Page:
I suggest trapping as soon as possible. In the case of the kittens, the younger they start getting human interaction, the easier it will be to get them adopted—meaning the sooner they can be adopted.
Adoptability drops with age. 8-week old kittens get adopted before the 12-week old kittens. 9 month old kittens are old cats as far as adoption goes. The kittens will likely need fostering before they can go up for adoption. Count on 2-4 weeks for that.
Plus, by 16-24 weeks, the kittens can start making more kittens.
It's rare that kittens have to be TNRed. I can only think of one kitten that was so nasty that we were going to TRN him. In that case I caved in and "fostered" him for two years and adopted him last week.
In the case of the adults, they may or may not need to be TNRed. That depends upon how wild they are and the resources available. We have cats that have come from colonies that are immediately ready to go into homes (after medical). Frequently, such cats are just afraid of people and can be made adoptable by getting them used to us. Then we have others that take a lot more time and patience but are adoptable.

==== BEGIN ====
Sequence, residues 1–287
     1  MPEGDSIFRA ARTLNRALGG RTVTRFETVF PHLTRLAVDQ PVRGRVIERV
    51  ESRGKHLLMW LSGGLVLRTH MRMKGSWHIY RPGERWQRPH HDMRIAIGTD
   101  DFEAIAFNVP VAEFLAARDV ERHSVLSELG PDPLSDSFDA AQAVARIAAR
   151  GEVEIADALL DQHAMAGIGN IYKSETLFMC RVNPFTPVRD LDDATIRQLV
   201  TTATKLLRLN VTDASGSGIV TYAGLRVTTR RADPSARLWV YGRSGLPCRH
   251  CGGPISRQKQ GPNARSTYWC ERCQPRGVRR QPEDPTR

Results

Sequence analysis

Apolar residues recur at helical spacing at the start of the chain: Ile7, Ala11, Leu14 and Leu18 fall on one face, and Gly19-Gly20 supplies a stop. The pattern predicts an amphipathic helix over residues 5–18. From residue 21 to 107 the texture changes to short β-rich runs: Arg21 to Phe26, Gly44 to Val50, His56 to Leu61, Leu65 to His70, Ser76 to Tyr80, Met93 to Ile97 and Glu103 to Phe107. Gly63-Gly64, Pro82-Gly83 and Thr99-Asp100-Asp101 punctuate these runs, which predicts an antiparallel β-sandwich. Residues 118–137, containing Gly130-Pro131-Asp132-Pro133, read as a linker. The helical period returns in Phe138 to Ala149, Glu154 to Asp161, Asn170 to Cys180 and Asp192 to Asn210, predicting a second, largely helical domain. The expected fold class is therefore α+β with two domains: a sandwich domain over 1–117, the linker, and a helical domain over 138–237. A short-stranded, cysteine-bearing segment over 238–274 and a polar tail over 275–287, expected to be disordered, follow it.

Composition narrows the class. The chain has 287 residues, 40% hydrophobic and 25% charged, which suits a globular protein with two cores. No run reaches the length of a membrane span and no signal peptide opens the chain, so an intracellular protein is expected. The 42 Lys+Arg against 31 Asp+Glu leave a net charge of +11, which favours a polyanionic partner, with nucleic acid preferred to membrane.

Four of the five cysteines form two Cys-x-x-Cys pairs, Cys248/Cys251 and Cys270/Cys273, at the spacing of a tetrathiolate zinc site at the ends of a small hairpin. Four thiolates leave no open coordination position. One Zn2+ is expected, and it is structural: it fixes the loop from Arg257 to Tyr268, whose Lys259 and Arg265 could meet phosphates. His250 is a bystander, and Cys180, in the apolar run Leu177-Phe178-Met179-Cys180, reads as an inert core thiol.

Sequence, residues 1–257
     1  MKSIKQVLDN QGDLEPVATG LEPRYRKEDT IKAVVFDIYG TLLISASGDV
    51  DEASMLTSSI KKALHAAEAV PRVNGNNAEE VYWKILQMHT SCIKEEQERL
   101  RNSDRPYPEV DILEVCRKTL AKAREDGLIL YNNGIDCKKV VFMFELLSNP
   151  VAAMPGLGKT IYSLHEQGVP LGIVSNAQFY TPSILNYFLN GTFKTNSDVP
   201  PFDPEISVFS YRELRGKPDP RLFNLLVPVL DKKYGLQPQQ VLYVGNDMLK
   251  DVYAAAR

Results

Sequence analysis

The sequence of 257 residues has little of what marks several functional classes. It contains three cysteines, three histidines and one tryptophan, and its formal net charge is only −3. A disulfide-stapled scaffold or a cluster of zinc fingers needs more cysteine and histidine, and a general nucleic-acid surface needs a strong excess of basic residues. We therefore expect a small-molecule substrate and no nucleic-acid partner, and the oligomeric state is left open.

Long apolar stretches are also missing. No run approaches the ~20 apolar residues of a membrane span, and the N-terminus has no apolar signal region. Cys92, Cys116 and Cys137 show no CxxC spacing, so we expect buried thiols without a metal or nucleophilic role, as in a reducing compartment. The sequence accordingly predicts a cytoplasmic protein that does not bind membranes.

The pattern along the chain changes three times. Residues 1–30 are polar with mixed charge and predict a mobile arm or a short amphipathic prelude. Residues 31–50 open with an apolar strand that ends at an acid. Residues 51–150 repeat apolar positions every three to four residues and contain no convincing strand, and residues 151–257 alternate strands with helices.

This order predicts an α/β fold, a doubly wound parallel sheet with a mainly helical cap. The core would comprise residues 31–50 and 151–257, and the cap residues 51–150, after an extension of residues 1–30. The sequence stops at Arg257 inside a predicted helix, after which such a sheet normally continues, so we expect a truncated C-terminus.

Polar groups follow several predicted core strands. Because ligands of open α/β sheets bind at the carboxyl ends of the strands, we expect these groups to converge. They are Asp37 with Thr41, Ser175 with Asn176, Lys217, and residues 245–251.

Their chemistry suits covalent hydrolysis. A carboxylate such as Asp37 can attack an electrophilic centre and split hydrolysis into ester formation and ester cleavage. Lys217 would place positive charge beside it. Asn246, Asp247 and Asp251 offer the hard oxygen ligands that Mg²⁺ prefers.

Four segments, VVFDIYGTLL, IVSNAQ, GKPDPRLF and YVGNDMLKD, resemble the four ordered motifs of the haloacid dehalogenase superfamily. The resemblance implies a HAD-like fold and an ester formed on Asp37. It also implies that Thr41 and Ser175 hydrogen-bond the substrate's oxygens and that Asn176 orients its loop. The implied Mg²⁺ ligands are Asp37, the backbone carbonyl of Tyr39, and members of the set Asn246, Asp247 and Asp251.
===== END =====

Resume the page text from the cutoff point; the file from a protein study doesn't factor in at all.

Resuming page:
(As my previous anecdote suggests, my house is filled with TNR candidates.)
As how to go about trapping, you need to find a rescue group that will work with stray cats. In some places municipal "animal control" means just that. Our shelter is a rare one that does animal control but does not euthanize viable (as in physically survivable) animals (e.g., excludes blindness, FIV, FELV, diabetes).
You should be able to find obtain the placement rate of a shelter. It should be over 90–95% for cats. If 1-in 10 to 20 cats not surviving sounds high, you have to considers that most litters of kittens have at least one that does not make it. (Dog placement rates tend to be higher than cat because of the lack of a TNR alternative.) Many shelters have placement rates below 50%.